What's your name?
What position do you hold?
Head of Advanced Transport at BloombergNEF
How long have you held the position?
What are your day to day responsibilities?
I manage a global team of analysts and data researchers advising the world’s leading automakers, oil and gas companies, utilities, governments, and financial sector players. We provide tools, data and analysis on the technology, policy and economic factors shaping the transport and automotive sectors. This includes electric vehicles, charging infrastructure, batteries, shared mobility, autonomous driving and other new vehicle technologies.
What is your professional background?
I started my career working on next-gen biofuels in the mid-2000s. I then spent several years building a tech startup called Neurio with friends in Vancouver, working on home energy management and analytics tools. That company was later acquired by Generac out of the U.S. Up until that point, I had been on the strategy and business development side of the business. But an opportunity came up to join BloombergNEF in London in 2011, doing deep industry analysis on the move to a low carbon economy. That was almost 10 years ago and it has been quite a journey as this topic becomes ever more important.
You are speaking at the forthcoming virtual Electric Vehicle Summit. What do you think of the speaker line-up and conference focus?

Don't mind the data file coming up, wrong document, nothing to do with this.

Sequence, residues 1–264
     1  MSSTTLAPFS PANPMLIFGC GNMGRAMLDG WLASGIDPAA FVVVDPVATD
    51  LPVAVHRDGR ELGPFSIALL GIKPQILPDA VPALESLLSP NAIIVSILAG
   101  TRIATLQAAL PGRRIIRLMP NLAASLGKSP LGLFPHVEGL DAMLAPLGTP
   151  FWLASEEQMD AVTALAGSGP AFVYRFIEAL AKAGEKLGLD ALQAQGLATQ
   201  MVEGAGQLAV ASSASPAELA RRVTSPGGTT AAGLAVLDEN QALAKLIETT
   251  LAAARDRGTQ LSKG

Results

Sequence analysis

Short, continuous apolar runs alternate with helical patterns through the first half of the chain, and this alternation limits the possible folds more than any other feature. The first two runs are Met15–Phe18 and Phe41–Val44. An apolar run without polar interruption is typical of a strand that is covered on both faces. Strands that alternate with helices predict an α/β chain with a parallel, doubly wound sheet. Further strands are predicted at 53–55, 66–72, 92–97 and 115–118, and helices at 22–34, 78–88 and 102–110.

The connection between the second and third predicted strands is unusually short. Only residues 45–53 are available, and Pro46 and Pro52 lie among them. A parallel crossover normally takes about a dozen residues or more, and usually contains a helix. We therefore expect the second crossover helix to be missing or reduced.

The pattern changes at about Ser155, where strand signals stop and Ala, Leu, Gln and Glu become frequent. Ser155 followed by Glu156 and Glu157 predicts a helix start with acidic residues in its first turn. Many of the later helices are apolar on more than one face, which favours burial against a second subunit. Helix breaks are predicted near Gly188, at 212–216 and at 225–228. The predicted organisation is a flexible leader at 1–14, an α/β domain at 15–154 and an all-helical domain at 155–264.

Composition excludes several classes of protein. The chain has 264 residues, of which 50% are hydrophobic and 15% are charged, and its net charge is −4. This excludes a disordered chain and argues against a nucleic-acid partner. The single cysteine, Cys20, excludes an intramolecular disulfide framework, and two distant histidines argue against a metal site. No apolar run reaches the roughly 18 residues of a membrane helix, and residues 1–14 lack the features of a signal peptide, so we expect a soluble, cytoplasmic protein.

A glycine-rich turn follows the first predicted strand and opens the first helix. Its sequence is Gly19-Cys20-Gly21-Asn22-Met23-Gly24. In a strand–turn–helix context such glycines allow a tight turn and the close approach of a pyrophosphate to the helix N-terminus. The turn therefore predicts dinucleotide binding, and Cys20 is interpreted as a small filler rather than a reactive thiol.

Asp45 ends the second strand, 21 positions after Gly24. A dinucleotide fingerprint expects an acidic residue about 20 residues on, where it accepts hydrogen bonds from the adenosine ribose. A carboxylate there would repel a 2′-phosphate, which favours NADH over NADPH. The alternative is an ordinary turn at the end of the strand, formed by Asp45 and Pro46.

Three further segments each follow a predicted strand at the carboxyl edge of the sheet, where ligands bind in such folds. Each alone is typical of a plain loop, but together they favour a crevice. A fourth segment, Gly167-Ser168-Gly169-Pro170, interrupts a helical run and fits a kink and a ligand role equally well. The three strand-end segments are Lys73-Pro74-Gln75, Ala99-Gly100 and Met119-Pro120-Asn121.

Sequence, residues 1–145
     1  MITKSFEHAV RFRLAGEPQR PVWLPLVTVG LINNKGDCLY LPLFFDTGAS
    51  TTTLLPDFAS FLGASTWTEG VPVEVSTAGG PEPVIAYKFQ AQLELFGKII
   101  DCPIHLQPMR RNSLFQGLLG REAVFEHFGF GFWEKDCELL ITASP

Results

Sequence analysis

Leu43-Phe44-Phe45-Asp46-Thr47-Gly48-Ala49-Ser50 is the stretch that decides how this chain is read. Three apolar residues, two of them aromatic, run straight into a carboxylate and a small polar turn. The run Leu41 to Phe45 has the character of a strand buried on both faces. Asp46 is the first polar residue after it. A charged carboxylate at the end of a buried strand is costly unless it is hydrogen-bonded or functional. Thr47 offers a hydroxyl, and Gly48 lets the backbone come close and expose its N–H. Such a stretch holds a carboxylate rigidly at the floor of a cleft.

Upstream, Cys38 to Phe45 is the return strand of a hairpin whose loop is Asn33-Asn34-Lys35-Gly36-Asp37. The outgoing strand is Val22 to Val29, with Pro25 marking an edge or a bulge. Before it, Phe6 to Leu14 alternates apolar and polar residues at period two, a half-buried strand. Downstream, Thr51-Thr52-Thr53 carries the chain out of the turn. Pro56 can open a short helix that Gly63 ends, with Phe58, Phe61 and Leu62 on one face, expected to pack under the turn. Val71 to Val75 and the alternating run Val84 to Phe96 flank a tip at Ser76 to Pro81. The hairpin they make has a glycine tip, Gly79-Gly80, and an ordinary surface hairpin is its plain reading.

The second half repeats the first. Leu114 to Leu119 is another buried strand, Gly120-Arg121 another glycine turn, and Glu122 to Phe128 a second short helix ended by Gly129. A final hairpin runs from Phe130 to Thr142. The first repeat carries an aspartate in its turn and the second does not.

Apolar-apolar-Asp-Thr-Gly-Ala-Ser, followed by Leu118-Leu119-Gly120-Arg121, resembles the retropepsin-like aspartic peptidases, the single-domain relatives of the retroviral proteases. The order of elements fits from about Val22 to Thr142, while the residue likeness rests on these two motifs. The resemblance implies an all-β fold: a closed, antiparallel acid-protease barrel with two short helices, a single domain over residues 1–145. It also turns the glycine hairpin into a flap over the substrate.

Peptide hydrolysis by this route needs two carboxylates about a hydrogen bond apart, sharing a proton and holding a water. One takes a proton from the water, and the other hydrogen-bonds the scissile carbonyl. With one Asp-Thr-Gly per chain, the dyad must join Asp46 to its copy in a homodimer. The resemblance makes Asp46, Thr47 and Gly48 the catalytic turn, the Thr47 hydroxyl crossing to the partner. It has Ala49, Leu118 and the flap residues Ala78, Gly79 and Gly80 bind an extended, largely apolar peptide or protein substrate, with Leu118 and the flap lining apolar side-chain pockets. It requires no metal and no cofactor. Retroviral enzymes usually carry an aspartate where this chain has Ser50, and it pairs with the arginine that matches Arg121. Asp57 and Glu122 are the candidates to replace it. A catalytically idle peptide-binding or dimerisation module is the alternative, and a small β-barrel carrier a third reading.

Looks like a great group and a great program, looking forward to contributing
What opportunities and challenges do you see in the EV market during these challenging times?
I see two big opportunities and two big challenges:
- Rising climate ambition. A crisis is a unique opportunity to assess what is working well and what is not in society. We’re already seeing much more ambitious announcements on climate targets from governments around the world in this period, and I think that will continue. EVs are going to benefit, because they’re one of the things we can do today to reduce emissions.
- A potential inflection point. Several countries are crossing over the point where EVs represent 10% or more of new vehicle sales. This is the point where broader awareness starts to rise quickly and adoption picks up speed. Part of this is simply driven by regulations, but there is real consumer demand at play too. While the uncertainly from the pandemic makes all predictions difficult, none of the fundamental drivers pushing the EV market forward have gone away: batteries continue to get better and cheaper, governments are pushing for more decarbonisation efforts, and urban air quality is a growing concern around the world.
The full economic impacts are still uncertain. As the pandemic drags on, the economic impact does too. So far, EV sales have been relatively immune here in Europe, but that’s mostly because of supporting regulations and stimulus programs. If the economic fallout is severe and long lasting, it will slow down the transition.
-Some issues are still not solved. The optimal business models for charging infrastructure for example are still a thorny issue. In general, we at BNEF think that there are fewer public charging stations needed than many expect, but government support may be needed for some segments and locations for quite some time.
Where would you like to see the Electric Vehicles market in Ireland in 5 years time?
I think Ireland can be one of the top EV markets in Europe and can showcase how variable renewables can pair nicely with a growing amount of electrified road transport.
Colin will be speaking at the virtual EV Summit on October 15th 2020.
For more information see www.evsummit.ie